John Maclean's Slow West star Kodi Smit-McPhee on God and art, not Jean-Luc Godard Photo: Anne-Katrin Titze
Kodi Smit-McPhee, who stars with Michael Fassbender and Ben Mendelsohn in John Maclean's wild Slow West took a stand on a lawless world, the love of his horse, how to live as a sinner, and his future as a superhero starring opposite Sophie Turner, Jennifer Lawrence, Rose Byrne, Oscar Isaac, Channing Tatum, James McAvoy, and Fassbender again in Bryan Singer's X-Men: Apocalypse.
Jay Cavendish (Smit-McPhee), a young man from Scotland, travels to the American West in search of the woman he loves. He does not know that Rose [Caren Pistorius] and her father [Rory McCann] are wanted for murder, with a high bounty on their heads. On his quest, Jay encounters an illustrious assortment of temporary travel companions. Fassbender's Silas first takes the boy under his wing and teaches him how it is safer to "travel with a killer," than with a teapot and a guide book. When Mendelsohn's outlaw Payne enters the picture, dressed in an enormous furry coat, the battle for the boy's soul has begun. We are in the year 1870 and journeys can be dangerous without protection.
Kodi Smit-McPhee (Jay) with Michael Fassbender (Silas) on his horse Ziggy: "Sometimes when he was around other horses or people he would be uneasy…"
Anne-Katrin Titze: You're a western hero. How does that feel?
Kodi Smit-McPhee: It feels very good. The story is beautiful and I love how he almost rebooted the novelty of westerns by bringing two worlds together. The pure, loving, kind of European type essence of Jay and that is brought into the gritty, raw western gross, lawless world.
AKT: Were you surprised where it lead you emotionally?
KSM: Yes! Definitely. There was so much I was shocked about when reading it. The immature blindness but the complete presence of passion within the love that he has for this girl [Rose]. And it's because of his age and the blindness of love. I'm sure everyone that has gone past that part who is in the audience is looking with tragedy in their eyes.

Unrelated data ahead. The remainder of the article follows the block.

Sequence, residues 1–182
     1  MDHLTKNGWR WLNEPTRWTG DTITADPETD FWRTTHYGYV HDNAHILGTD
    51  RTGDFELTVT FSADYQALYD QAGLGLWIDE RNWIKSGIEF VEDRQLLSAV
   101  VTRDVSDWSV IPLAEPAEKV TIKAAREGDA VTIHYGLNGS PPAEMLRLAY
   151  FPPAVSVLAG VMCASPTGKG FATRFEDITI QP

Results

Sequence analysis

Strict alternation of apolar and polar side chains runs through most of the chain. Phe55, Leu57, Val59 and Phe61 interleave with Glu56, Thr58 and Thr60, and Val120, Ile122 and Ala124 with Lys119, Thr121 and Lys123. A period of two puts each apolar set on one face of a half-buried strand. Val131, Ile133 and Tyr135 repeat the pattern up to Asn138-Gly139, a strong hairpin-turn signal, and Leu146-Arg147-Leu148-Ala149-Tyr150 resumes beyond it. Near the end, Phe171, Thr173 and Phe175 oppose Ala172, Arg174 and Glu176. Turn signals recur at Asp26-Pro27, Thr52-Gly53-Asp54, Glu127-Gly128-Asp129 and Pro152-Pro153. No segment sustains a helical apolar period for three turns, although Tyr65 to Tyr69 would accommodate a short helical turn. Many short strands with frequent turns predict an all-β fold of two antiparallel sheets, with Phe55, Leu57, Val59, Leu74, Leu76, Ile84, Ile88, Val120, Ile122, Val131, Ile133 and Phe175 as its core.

AKT: Did you watch westerns when you were a child?
KSM: I hadn't watched a lot but I had a great appreciation for them. When I kind of dabbled in this, I learned so much more about them.
AKT: Did John Maclean show you any in preparation?
KSM: While we were in preprocess of it. I only say that I learned so much more about westerns personally but not necessarily for the character or anything like that. Even with John we said we didn't want to watch any movies like that. I think the pureness comes from the moment and completely being submerged in the characters.
Silas (Michael Fassbender) Jay (Kodi Smit-McPhee): "I learned so much about nature and myself and the world through the craft of acting."
AKT: I was only wondering if you had any favorite western heros. Ben Mendelsohn told me about how much he loved Burt Lancaster.
KSM: My gosh, I admire Ben so much. He has such a great vocabulary and intellectual source for what he does here in this industry. It's hard to explain, but movies itself isn't my passion. I have a passion for what I came into this world for, which for me is art and God. And I don't mean God in the way so many of our rational thoughts are connected to it but just in a way of nature. And I learned so much about nature and myself and the world through the craft of acting. My idols are really people like Deepak Chopra or a lot of spiritual leaders. Through that it told me to face my industry and learn more about that.
AKT: There are some extraordinary images of nature in the movie. For example the hyacinths in the fake Colorado forest. At the same time there is a lot of violence happening around you. We see that the woman Jay loves is wanted for murder and that is shown at the same time when your character becomes a killer. How far did you go into reflecting what it might feel like to kill someone?
KSM: That's a very interesting question. I think it speaks for itself how it unfolds in the movie. It's the concept of such a pure entity coming into this world and almost losing itself, parts of its purity through what he has to do. He grew. We all do, we grow through our sins.
Kodi Smit-McPhee as Jay Cavendish: "Jay knew as much as he could about astrology, back in the days without technology."
AKT: Yet, this is so terrifying.
KSM: Yes, I see. I never really thought about it. In duality, I think about what's coming. I think about what's happened. Then when I'm in the moment as Jay, I'm just in the moment. And then I jump out of that after. But I completely agree and I just don't know how to answer that.